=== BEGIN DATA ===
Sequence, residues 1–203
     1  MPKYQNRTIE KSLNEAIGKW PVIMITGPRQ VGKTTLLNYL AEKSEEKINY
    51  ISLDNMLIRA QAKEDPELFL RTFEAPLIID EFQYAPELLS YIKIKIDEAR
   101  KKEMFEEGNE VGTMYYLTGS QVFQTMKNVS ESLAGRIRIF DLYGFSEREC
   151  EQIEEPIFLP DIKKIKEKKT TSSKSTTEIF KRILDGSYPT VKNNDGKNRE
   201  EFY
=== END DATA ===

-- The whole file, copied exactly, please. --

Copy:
Sequence, residues 1–203
     1  MPKYQNRTIE KSLNEAIGKW PVIMITGPRQ VGKTTLLNYL AEKSEEKINY
    51  ISLDNMLIRA QAKEDPELFL RTFEAPLIID EFQYAPELLS YIKIKIDEAR
   101  KKEMFEEGNE VGTMYYLTGS QVFQTMKNVS ESLAGRIRIF DLYGFSEREC
   151  EQIEEPIFLP DIKKIKEKKT TSSKSTTEIF KRILDGSYPT VKNNDGKNRE
   201  EFY